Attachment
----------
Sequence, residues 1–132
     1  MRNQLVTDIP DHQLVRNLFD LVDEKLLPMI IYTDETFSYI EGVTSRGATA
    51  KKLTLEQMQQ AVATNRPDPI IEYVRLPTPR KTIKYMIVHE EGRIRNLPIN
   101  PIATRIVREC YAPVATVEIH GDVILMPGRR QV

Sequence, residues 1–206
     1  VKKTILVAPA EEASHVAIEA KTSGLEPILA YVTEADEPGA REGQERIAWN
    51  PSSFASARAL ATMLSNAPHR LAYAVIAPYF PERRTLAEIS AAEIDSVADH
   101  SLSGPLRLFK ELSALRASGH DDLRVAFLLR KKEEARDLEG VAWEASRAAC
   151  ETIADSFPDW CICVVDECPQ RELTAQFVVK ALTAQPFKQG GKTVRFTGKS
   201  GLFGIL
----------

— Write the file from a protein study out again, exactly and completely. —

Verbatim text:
Sequence, residues 1–132
     1  MRNQLVTDIP DHQLVRNLFD LVDEKLLPMI IYTDETFSYI EGVTSRGATA
    51  KKLTLEQMQQ AVATNRPDPI IEYVRLPTPR KTIKYMIVHE EGRIRNLPIN
   101  PIATRIVREC YAPVATVEIH GDVILMPGRR QV

Sequence, residues 1–206
     1  VKKTILVAPA EEASHVAIEA KTSGLEPILA YVTEADEPGA REGQERIAWN
    51  PSSFASARAL ATMLSNAPHR LAYAVIAPYF PERRTLAEIS AAEIDSVADH
   101  SLSGPLRLFK ELSALRASGH DDLRVAFLLR KKEEARDLEG VAWEASRAAC
   151  ETIADSFPDW CICVVDECPQ RELTAQFVVK ALTAQPFKQG GKTVRFTGKS
   201  GLFGIL